As shown in FIG. 1, the image sources 39-41 on side wall 36 are fixed. It may sometimes be desirable to provide moving images sources. For this purpose, and in the embodiment shown in FIG. 3, a plurality of sets 47, 48 of shelves, with each set being generally similar to shelves 39-41, are mounted to extend transversely outwardly from an endless belt 49 which is mounted in a slot 50 in rear wall 36. Belt 49 is suitably driven, as by an electric motor 51 actuatable by a switch 52, to translate the shelves along the length of secondary chamber 4. This provides movement of the sets of multiplanular images away from or toward the viewer.
In both chambers 3 and 4, the elements which are not image sources should be made substantially invisible, such as by painting them black. These elements include divider walls 9-12, flange 13, roof 18, walls 35 and 36, as well as baffle 43.
FIG. 4 illustrates the perceived view at port 5 when the device is set up as an amusement device for a shooting gallery or the like. It utilizes both primary and secondary image generation chambers 3 and 4. As shown, shelves 39-41 provide visually perceived multiplanular supports for pipes, ducks and bottles which are actually the images from respective cells 19-21. These images may be programmed to move, change in form, disappear and reappear and even "fly away" between planes. The rear wall 37 has the aforementioned indicia thereon, as well as suitable artwork.
Under certain circumstances, an illusion of greater depth between the image sources 22-24 on tube face 7 may be desired. In FIG. 1, the normal depth of the images traveling from the face of tube 7 is limited by the fact that the actual travel path is directly between tube 7, the mirrors and the viewing port. This limitation may be overcome by a construction shown in the embodiment of FIG. 5 wherein at least some of the images at tube face 7 must travel an extended distance before reaching viewing port 5.
For this purpose, mirrors 15a-17a correspond generally with mirrors 15-17 of FIG. 1.
The image from front source 22 passes upwardly in cell 19a from the tube and is reflected forwardly from mirror 15a, just as in FIG. 1.
The image from middle source 23 passes upwardly from the tube, is reflected rearwardly and then upwardly by a pair of angled intermediate regular mirrors 53 and 54 and henced to two-way mirror 16a. This elongates the image path in cell 20a so that it is greater than in original cell 20 and also greater than the image path from cell 19a.
The image from rear source 24 passes upwardly from the tube, is also reflected rearwardly and upwardly by a pair of angled intermediate regular mirrors 55 and 56 and hence to mirror 17a. This elongates the image path in cell 21a so that it is greater than in original cell 21 and also greater than the image path from cells 19a and 20a.
The resulting extension of the travel path of the images in cells 20a and 21a provides an increased perceived depth of the final image.
Referring to FIG. 1, it is noted that mirrors 14-17 are generally parallel to each other. This has been found to often cause undesirable reflections therebetween which are observable at port 5. This can be selectively eliminated by positioning an anti-reflective shield 57 behind the upper portion of at least some of the mirrors. Shields 57 may comprise any opaque coating or element.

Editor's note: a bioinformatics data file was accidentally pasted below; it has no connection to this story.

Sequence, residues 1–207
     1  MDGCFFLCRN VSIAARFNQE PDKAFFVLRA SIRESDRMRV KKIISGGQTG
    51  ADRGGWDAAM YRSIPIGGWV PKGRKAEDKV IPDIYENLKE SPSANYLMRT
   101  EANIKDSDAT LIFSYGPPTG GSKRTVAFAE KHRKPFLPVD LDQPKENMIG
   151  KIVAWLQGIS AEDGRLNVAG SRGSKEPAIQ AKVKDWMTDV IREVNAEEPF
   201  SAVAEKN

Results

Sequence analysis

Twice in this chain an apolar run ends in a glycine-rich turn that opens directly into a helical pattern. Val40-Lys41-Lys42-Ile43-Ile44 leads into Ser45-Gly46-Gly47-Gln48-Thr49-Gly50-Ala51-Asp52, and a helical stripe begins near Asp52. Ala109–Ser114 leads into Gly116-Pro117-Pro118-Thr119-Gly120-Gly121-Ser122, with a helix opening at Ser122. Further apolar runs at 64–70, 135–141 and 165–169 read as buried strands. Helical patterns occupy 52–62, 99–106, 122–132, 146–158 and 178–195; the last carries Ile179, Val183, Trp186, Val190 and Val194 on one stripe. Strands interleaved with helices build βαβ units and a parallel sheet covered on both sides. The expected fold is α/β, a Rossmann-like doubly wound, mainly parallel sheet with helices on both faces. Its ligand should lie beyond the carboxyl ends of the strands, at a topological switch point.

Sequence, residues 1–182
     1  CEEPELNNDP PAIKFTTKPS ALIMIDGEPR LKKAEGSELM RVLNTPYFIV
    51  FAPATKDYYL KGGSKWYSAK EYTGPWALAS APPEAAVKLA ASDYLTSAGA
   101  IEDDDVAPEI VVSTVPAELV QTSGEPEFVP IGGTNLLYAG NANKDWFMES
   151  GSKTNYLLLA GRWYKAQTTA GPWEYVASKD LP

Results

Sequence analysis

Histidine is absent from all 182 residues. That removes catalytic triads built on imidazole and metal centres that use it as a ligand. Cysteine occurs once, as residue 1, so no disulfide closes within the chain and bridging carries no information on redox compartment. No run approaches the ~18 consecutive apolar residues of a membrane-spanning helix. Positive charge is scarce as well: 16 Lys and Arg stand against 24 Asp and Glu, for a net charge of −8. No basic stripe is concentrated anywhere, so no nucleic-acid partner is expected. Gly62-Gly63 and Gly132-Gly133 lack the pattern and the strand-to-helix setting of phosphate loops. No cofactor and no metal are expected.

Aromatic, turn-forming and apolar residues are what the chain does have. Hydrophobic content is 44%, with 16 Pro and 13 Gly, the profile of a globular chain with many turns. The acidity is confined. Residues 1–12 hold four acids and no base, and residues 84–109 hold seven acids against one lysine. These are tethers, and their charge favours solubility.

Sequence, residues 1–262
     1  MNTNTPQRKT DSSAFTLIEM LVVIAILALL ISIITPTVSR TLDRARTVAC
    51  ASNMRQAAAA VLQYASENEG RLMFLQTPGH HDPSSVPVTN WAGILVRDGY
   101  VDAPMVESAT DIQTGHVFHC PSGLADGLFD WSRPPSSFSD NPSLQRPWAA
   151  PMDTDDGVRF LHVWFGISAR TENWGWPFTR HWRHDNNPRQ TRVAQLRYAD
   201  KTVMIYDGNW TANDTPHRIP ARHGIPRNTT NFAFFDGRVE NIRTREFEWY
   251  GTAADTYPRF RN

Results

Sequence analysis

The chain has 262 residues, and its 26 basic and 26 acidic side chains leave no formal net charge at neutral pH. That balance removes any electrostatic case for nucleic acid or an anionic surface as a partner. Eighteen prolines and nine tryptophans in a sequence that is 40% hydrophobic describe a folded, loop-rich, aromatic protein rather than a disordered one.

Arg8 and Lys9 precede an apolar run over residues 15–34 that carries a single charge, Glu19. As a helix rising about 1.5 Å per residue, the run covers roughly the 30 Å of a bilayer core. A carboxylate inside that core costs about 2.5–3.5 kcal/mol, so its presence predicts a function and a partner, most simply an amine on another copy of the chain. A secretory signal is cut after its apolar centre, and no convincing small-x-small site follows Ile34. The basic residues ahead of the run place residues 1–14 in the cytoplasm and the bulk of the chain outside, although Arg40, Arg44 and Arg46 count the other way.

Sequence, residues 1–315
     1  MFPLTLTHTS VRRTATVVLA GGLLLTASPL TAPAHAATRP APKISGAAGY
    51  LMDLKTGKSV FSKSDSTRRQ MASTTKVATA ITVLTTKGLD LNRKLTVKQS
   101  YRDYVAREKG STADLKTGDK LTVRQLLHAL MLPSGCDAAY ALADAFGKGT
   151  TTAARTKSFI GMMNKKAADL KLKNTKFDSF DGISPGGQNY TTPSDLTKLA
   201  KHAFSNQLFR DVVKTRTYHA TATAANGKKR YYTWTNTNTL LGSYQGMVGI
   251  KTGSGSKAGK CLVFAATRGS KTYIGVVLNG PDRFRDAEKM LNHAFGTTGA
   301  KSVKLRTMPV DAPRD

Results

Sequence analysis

It may at times be desirable to create the illusion of movement of the image in one or more cells relative to the image in the other cells in primary chamber 3. Even though the program providing the images to tube face 7 may be digital in nature, an analog-type movement may be provided for the viewer. Thus, although the image source 22-24 may stay fixed in space, the perceived image may be made to move.
For this purpose, and as shown in the embodiment of FIG. 6, mirrors 15b, 16b and 17b are pivotally mounted along their lower edges, as at 59-61 to the upper edges of divider walls 10-12. The upper edge portions of mirrors 15b-17b are shown as connected through links 62-64 to suitable crank mechanisms 65-67 which may be actuated in any suitable manner, as through switches 68-70. Actuation of one or more cranks causes the image reflected from its respective mirror to shift relative to the image reflected from the other mirrors, thus creating the illusion of movement of the image on tube 8.
The light intensity or brightness of the projected image on the face of a video display tube, such as 7 in FIG. 1, is normally generally the same across the face of the tube. However, the brightness of the perceived image at viewing port 5 will vary, due to the fact that the image from each cell is differently treated. Thus, in FIG. 1, the image in cell 19 reflected from mirror 15 passes through one light transmissive element 14. The image in cell 20 reflected from mirror 16 passes through two light transmissive elements 15 and 14, while the image in cell 21 reflected from mirror 17 passes through three such elements 16, 15 and 14. Assuming equal brightness across the face 7 of tube 8, the perceived image at port 5 will be such that the multiplanular images will progressively darken from front to rear. The device of FIG. 1 thus adjusts the relative light intensities of the perceived images relative to the actual intensities at the source.